The book of Genesis offers deep metaphors for the season of Lent, a season of reflection, repentance, and renewal. These passages teach a timeless lesson on God’s provision and desire for deep communion with humanity. These verses also shine a light on the destructive consequences of egotism and selfishness.
One of those metaphors’ states; that when God breathed God’s pneuma into dust and placed those souls in the garden, a full and perfect relationship of love, communion, and trust was created. Through the gifts of collaboration and community, they were empowered to be in relationship with creation, to tend and enhance creation. The equilibrium and sacredness of the garden was interrupted when humanity succumbed to the temptation of self-aggrandizement over against complete trust in and reliance on God.
A forest of shame borne of the seed of selfishness then separated humanity from full communion with their creator. What selfish motivations are wreaking havoc in our personal lives, churches, and communities? Where have we given sway to egotism over an abiding communion with God? How might our lives be more peaceful and fruitful if we resisted destructive temptations?
In our postmodern Christian discernment, there is often a tension between whether sin or love is the overarching message of our faith. Genesis offers a both or and response. God is love, and yet the depth and breadth of God’s love cannot be fully understood without acknowledging the presence of sin. Perhaps our disdain for acknowledging sin rests in the failure to tell the rest of the story. After acknowledging their actions, God does not respond with consequences alone; rather, God also continues to offer provision. How can we fully explore the message of Genesis without the overworked either/or analysis?
Lent offers a precious opportunity for Christians and non-Christians to reexamine what is creation and/or God’s intent for creation, to earnestly repent of our sins and failures and renew our covenant. As we journey these forty days and nights, the beloved community has the opportunity to become the church God envisioned. Those who are the beloved, that is all of creation is enabled to seek God’s vision for the world. As we do, the church then becomes the place where others who are broken can find wholeness. Those seeking deliverance, healing, hope, and love can experience the transformative inertia of the church’s blessing.
The themes of temptation, trust, and humility are highlighted in this week’s reading from Matthew 4. In juxtaposition to the actions and attitude in the garden, the writer of Matthew illustrates the faithfulness of Christ as he humbly relied upon God and God’s word and revelation. Even in his starvation, Christ demonstrates the strength inherent in feasting upon every word of God rather than the empty words of humanity. Another prescient theme to be explored is the problem of half-truths. How did knowing the fullness of God’s word enable Jesus to withstand temptation? What strength can be drawn from the humility of relying on God’s word as we wrestle with the demons in our lives?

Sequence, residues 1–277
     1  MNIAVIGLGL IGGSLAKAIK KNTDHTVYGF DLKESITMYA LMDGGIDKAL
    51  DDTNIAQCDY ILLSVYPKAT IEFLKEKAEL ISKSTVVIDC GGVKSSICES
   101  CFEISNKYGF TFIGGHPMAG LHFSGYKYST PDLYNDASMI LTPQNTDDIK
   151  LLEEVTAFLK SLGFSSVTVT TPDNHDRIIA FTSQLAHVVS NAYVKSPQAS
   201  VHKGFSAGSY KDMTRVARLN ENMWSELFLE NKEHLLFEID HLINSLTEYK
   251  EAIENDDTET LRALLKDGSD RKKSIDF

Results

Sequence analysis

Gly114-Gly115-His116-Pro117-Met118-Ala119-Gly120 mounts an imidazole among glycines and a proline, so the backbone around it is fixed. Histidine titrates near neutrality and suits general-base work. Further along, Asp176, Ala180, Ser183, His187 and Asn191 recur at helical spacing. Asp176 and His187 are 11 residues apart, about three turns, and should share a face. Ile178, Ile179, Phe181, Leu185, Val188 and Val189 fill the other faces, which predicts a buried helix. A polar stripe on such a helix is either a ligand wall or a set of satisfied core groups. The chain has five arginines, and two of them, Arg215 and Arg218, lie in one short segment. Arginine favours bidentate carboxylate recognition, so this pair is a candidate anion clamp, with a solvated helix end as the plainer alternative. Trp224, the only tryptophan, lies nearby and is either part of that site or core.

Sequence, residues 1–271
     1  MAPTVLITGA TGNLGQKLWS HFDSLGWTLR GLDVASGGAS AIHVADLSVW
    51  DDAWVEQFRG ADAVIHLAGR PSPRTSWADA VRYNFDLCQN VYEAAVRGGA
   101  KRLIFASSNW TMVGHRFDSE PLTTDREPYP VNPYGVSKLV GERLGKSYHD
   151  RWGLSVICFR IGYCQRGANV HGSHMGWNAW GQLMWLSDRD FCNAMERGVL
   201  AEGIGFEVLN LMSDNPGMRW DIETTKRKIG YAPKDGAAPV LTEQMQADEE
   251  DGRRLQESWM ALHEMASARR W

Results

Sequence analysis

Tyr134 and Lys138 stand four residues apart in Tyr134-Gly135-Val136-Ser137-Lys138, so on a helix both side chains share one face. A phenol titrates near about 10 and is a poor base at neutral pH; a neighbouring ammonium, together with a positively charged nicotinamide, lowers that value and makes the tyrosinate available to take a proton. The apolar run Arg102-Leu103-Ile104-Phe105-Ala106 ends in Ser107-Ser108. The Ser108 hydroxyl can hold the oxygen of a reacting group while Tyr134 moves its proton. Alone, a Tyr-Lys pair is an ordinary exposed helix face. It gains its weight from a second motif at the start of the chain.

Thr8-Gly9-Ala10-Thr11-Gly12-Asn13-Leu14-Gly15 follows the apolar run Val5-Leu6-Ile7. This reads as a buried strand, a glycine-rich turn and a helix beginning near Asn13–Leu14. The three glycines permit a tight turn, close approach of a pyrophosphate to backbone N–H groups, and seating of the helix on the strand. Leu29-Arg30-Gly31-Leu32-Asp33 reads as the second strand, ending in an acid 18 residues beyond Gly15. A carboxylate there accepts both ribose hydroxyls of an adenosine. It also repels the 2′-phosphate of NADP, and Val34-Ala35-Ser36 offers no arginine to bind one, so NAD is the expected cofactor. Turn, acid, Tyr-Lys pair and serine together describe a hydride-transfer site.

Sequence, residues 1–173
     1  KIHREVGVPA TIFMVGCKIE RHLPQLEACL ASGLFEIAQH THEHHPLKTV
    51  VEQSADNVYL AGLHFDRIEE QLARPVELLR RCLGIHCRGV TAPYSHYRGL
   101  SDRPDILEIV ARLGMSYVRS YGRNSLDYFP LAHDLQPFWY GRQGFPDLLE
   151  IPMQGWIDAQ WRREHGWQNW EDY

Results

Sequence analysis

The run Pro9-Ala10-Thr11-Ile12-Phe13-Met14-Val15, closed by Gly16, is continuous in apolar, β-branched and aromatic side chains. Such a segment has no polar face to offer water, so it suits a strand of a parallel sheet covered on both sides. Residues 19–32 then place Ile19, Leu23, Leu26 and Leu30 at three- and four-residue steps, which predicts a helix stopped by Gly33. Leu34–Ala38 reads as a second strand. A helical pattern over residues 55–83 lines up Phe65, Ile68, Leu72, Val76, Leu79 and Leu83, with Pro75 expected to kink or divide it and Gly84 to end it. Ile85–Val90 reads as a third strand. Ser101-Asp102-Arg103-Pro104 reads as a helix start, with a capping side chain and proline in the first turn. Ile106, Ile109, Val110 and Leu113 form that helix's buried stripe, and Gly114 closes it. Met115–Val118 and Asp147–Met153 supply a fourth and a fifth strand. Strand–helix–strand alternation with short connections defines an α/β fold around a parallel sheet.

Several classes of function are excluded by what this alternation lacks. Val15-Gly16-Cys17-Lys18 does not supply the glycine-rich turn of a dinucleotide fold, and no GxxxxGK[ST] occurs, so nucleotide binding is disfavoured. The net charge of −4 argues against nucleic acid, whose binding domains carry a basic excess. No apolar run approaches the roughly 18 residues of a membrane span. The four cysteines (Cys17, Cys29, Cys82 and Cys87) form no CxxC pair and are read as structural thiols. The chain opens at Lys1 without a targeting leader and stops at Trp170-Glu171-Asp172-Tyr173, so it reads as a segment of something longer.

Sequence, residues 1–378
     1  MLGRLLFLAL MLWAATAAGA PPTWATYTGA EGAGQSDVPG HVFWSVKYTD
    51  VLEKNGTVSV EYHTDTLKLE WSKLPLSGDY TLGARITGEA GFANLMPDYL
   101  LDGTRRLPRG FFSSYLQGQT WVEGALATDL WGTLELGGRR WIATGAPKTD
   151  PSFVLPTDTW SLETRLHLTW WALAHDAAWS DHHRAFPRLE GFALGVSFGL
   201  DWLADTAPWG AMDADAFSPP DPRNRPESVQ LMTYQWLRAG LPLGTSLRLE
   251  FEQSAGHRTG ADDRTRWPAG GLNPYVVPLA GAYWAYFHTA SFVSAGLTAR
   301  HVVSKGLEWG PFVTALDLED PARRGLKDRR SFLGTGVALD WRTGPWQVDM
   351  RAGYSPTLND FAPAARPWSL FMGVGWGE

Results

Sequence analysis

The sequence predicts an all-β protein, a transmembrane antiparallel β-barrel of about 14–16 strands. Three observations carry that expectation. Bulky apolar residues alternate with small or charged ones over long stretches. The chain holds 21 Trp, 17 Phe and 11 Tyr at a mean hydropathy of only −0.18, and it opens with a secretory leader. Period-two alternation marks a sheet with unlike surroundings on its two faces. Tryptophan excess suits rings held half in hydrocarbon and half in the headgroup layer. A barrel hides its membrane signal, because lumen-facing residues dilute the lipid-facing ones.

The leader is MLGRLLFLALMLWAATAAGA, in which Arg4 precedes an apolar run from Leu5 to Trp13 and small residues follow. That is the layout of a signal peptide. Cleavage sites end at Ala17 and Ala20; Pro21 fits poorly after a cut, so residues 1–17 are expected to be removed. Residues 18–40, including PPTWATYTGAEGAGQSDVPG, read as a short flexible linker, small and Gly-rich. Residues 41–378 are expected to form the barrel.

I’d like to share the following from a recently written article by a friend Andrew Semple. He wrote:
“The early church was a movement that had diversity both in organisation and practice; unique on the one hand, but a mixture of influences principally from Judaism, but also from Greek philosophy, Greco-Roman paganism, and a number of ‘mystery’ religions on the other. It did not have a singular form, nor was there an ideal structure upon which each community was based - that structure emerged later along with the statements of faith. Baptism, however, was the sign of becoming part of the church and a way of being welcomed into God’s family. While the Eucharist became the sign of participation in the life of the church and the exercise of personal membership of it.
Diversity within the church resonates with St Paul’s ‘body image’ in 1 Corinthians. It also sits comfortably within the ‘mixed economy’ model of church presented by the former Archbishop of Canterbury, Rowan Williams, (‘Making the mixed economy work’ - 6 May 11). Diversity is good for the church because it allows many people to participate in it and belong to it.
The church is meant to ‘be’ the body of Christ in the world, acting in Christ’s name to ‘do’ those things that bring justice and righteousness. Sadly, ‘being’ and ‘doing’ often end in conflict if one dominates the other. Rather, we are meant to be a little bit of both – the church is meant to both ‘be’ and ‘do’; one cannot exist without the other.”
He goes on to remind us of the transformational community the Church is to be. ‘…to be a transformational community built on the love of God and worked out in the ministries of word, sacrament and incarnation’.
“The church is also meant to be prayerful (that is, be in communication with God), while pursuing those things about which it prays. In other words, we should not pray for the poor if we are not going to be generous, we should not pray for peace if we are not going to condemn conflict and violence, we should not pray for refugees if we are not going to show hospitality to them, and so on. We should therefore not claim to be ‘the church’ if we are not going to be
a means of bringing God’s grace and salvation into the lives of others. Telling people to leave the church mitigates against this position.”
I will leave you with these thoughts for Lent’s beginning as we all work out our response to the love of God and the work the Church is called to.